Fourth Sunday of Advent

The Virgin of VladimirThis week is odd because although it is still Advent, a time for waiting and anticipation, Wits’ End is celebrating Christmas and the birth of Emmanuel. How can we carry at once both the anticipation and the fulfillment?

The poem I’ve chosen for this week touches on this a bit, I think. It’s part two of a three part ekphrastic poem on The Virgin of Vladimir called Our Lady of Tenderness. It’s a poem addressed to the Christ Child who is clinging to the neck of his mother, and it anticipates all that Jesus is to become and is to do. In many ways this poem suggests that Christ is the one who births; Christ is the one who mothers Mary.

I love late in the poem when the narrator addresses Christ as “O Little Panacea” — O Remedy, O Cure, O Wonder Drug.

O Co-Sufferer.

After The Virgin of Vladimir, 12th C., anon.
II. Our Lady of Tenderness

By Susanna Childress

Christ Child with your arms around your mother
what have you done for us

to take in our hands bona fide conception with flesh?
Saint Catherine of Siena said

You drew us out of your holy mind
like a flower

and she was illiterate most of her life, her prayers written down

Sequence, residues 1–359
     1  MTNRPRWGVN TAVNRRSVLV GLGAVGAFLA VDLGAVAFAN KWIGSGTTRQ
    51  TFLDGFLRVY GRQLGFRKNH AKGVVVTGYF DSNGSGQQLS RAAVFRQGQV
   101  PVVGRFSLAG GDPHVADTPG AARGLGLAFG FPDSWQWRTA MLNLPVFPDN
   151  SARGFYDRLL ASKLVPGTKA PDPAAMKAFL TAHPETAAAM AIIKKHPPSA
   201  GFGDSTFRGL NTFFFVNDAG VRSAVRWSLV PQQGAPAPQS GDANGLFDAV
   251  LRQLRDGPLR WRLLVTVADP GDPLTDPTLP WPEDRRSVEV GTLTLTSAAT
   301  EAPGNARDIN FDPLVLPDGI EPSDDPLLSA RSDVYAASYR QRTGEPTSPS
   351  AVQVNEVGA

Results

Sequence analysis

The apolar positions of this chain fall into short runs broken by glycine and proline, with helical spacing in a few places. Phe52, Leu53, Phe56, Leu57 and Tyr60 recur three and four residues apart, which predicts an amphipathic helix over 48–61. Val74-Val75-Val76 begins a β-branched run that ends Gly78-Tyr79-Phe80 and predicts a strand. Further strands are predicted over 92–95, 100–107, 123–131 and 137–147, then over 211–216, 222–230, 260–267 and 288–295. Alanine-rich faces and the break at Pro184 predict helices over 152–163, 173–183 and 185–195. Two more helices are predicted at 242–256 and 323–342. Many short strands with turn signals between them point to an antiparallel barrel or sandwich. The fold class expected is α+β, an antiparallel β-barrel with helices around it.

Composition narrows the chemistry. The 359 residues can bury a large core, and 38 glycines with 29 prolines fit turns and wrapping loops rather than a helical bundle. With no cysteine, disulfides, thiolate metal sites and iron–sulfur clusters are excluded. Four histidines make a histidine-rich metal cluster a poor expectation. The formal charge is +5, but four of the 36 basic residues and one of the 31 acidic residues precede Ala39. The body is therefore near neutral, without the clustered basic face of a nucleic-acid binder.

for her, and it is in prayer we have

two hands up, like your mother’s, every finger the final petal,
not touching you but meaning to touch,

either buttressing or balancing stacks of tokens, glasses dark with wine,
our limitations and that hot need

to love. Did you think I wouldn’t see it is you holding her,
not her holding you? For

she has already the unfortunate-that-which-is-to-come in her eyes,
drooped with sorrow, our careful human sap.

You, as though you will breathe into her—if only to adumbrate
a Russian artist’s rendering of hope—

you, a child who couldn’t have been only a child, your thick neck
twists to kiss her, and she looks

vigilantly at us. Ocher walls, chipped and ancient,
they are not your home. She knows

this, she tells me, obstinate as I am, slowly broken down
in the bones with a weight

known only by leaping belief, she asks with eyes like grapes
not what has he done

but what hasn’t he? O Little Panacea, suffering up under
your mother’s brow, keep your hand

cupped close, bless her name when years later the crowd
will beg for your breath, hallowed and terrible.

About Lauren Sawyer

I am an assistant instructor at a graduate school in Seattle, Washington, and I hold a master of the arts in theology and culture. I love coffee, rainy days, and John Updike. Learn more about me at